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Different Types Of Therapies
Since older individuals are those afflicted with myelodysplastic syndromes, they may want to consider different types of therapies. They may not be able to tolerate multiple blood transfusions or harsh medicines. However, as medicine has evolved, the toll they take on the body has decreased when using newer medications. Other than medicines and supportive care, there are really no other therapies to combat myelodysplastic syndromes. Therefore, the patient needs to get all the information they can about different medicines and all their side effects. Sitting down with their doctor to discuss and understand everything is critical. Herbal or natural remedies should be part of the conversation with their doctor. Promise has been shown using maitake mushroom extracts and 6-shogaol. Additionally, individuals with a propensity of developing myelodysplastic syndromes should avoid lifestyle, environmental, and occupational exposure to certain chemicals.
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Care for myelodysplastic syndromes focuses on treating and preventing the symptoms of the disorder. Anemia causes severe fatigue, therefore using a growth factor may help the bone marrow produce red blood cells, which will treat the anemia and less the fatigue. It will not cure the myelodysplastic syndromes, but it will help manage the fatigue caused by it. Individuals who undergo blood transfusions can suffer from an iron build-up in their system. Some drugs bind to the iron and allow the body to get rid of it. While this will not prevent the build-up or create a situation where blood transfusions are not necessary, it will help the body get rid of iron that has accumulated in the organs, like the heart and liver.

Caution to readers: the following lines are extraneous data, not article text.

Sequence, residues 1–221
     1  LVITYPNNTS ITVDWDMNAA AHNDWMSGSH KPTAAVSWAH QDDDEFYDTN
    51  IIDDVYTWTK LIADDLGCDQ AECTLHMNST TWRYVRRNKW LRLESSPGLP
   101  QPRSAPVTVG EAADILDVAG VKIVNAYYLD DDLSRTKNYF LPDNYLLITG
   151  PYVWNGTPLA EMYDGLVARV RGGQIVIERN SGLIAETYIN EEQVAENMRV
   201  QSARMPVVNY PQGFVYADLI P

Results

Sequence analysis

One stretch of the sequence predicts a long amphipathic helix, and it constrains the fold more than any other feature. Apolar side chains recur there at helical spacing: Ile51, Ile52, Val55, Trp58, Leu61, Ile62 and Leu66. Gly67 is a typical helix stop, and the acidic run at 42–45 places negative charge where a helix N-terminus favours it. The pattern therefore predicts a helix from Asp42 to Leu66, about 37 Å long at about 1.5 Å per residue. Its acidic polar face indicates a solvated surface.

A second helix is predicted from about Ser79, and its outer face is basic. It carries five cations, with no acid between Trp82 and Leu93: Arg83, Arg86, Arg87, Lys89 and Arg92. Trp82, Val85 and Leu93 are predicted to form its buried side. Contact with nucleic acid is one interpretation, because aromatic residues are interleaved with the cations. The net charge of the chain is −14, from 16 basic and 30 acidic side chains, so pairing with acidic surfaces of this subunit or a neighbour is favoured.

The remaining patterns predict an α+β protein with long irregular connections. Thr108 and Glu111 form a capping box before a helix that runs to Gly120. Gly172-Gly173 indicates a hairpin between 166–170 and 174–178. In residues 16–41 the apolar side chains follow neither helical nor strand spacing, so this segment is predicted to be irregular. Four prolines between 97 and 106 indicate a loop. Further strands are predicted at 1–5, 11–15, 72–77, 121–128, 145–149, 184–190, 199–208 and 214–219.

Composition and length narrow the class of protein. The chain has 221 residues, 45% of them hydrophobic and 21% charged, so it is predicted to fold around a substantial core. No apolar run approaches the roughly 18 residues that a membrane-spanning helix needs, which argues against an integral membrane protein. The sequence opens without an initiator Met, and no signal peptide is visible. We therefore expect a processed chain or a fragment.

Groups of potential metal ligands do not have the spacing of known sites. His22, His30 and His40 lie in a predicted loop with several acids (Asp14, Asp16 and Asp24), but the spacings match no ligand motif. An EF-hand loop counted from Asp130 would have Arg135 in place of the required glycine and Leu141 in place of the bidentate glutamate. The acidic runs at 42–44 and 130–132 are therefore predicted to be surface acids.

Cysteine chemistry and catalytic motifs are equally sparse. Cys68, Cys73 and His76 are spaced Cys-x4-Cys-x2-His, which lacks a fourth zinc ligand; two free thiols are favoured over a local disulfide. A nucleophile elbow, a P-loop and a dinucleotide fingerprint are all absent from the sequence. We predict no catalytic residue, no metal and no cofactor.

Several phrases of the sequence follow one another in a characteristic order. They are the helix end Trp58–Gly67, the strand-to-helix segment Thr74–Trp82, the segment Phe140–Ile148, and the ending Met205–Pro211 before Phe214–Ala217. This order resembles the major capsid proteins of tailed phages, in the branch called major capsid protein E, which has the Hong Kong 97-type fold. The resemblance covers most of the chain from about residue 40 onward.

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The only possibility of a cure for myelodysplastic syndromes is bone marrow or stem cell transplants. Transplants allow doctors to replace the underproducing or diseased bone marrow with healthy marrow that will produce the cells the way it is supposed to. The biggest problem with this option is it is very hard on the body. However, advancements in transplantation and the matching of donors and recipients has led to lower mortality rates. There are still barriers to transplants, which causes a delay in the time between transplant and the actual procedure. This gives the condition a longer period to ravage the patient and can often mean, even if approved for the transplant, the patient dies before the transplant can take place. If a patient is approved for transplant, there are a few options as to the type of chemotherapy they are given. In younger patients, they are given higher doses that ensure all the unhealthy bone marrow is destroyed. In older patients, sometimes they are given a lower dose that is just enough to kill the unhealthy bone marrow but results in fewer side effects. The most significant side effect is the danger of infection because the new marrow needs to take hold and generate the cells that are used by the body to fend off infection. Regardless, all possibilities should be investigated.